This year’s survey is faster, easier and does not require your time on the phone. It is all web based and automatic, just fill and click.

Please take a few moments to fill out our winter loss survey at:   http://www.surveymonkey.com/s/beeloss0910

This survey will be conducted until April 16th, 2010.   If you have any questions or concerns please email beeloss@gmail.com., or Honeybee.Survey@aphis.usda.gov

Permanent link to this article: http://www.honeyrunapiaries.com/blog/beekeeping/2010-bee-census-winter-loss-survey/

Mar 29

New Toy

Yale ForkliftOk, so it’s not exactly new, but it’s new to me.  I’ve been on the fence about getting a forklift for awhile, but I must say I’m happy I have it now.  It makes moving around piles of equipment so much easier.  It’s main purpose was to enable us to buy wood by the truckload (or partial truckload) for building more wooden ware than we could competitively before.  So, we’ll soon be adding deep hive bodies and other new equipment as we’re able to keep up with the orders.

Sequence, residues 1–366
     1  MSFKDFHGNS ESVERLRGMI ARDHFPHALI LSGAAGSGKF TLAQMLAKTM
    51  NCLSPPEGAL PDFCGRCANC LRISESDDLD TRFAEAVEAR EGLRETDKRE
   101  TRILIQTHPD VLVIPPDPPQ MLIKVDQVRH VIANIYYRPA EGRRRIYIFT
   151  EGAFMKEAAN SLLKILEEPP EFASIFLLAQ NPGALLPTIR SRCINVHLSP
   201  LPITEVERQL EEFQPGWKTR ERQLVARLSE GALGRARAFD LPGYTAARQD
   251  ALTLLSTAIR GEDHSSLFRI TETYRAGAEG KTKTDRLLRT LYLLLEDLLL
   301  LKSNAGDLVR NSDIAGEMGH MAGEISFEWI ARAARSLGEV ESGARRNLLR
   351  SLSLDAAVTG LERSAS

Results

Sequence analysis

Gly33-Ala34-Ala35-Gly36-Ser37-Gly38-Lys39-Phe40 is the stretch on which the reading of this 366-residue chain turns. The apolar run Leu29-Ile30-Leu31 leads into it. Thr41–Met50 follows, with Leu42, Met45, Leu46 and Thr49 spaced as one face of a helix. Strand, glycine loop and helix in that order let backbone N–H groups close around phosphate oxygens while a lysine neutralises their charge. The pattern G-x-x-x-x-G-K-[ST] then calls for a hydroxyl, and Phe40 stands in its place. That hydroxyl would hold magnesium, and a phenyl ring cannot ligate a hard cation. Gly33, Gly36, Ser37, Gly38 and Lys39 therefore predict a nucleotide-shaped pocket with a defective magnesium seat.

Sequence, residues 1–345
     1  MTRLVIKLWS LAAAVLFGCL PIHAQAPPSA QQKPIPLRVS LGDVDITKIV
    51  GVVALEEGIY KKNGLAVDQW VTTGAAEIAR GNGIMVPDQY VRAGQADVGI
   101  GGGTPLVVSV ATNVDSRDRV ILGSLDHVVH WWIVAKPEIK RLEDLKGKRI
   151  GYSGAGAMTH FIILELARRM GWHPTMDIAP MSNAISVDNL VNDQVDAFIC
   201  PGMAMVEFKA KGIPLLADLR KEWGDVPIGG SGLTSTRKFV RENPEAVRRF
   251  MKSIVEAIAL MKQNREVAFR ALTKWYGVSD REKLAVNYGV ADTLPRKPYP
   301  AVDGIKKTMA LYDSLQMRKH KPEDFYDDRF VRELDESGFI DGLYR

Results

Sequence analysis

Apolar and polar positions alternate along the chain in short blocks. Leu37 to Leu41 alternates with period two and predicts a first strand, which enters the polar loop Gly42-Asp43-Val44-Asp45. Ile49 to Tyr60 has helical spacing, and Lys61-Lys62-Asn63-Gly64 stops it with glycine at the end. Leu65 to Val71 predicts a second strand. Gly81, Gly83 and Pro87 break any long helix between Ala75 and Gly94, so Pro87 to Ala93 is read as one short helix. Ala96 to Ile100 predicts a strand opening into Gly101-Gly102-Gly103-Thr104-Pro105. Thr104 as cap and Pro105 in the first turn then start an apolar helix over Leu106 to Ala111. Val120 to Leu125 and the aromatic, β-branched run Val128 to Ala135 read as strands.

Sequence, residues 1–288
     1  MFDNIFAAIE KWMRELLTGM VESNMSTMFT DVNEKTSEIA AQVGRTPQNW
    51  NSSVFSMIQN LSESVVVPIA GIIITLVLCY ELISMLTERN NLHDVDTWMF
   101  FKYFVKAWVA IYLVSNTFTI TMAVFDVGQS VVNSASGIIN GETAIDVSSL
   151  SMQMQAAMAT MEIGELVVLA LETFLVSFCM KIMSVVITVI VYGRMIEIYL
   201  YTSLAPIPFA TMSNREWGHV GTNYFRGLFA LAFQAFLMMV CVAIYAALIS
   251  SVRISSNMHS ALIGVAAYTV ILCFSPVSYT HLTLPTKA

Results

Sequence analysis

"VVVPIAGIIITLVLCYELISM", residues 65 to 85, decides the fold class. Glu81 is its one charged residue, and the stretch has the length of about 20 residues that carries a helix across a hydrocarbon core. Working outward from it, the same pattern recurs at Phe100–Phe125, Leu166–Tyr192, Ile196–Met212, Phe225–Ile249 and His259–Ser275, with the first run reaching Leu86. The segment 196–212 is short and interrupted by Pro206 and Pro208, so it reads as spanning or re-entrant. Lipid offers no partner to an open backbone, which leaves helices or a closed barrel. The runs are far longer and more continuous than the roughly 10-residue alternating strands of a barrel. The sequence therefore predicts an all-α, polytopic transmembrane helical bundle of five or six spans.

Of course I think my wife is beginning to wonder where it will stop… seems I can always justify something new by ‘It’s for the bees!’

Permanent link to this article: http://www.honeyrunapiaries.com/blog/other-stuff/new-toy/

May 20

ELAP is a Joke (2008 Farm Bill)

The 2008 Farm Bill (June 18, 2008) created a new Emergency Assistance program for Livestock, Honey Bees and Farm-Rased Fish (ELAP).   According the the limited documentation on www.fsa.usda.gov you would need to buy in by September 16, 2008.  Most of us would not be requried to pay any "buy-in" fees as we would fall in the "Limited Resource Producer" classification (Less than $100,000 in gross farm sales), though it’s unclear what needs to be done if you fall in such classification…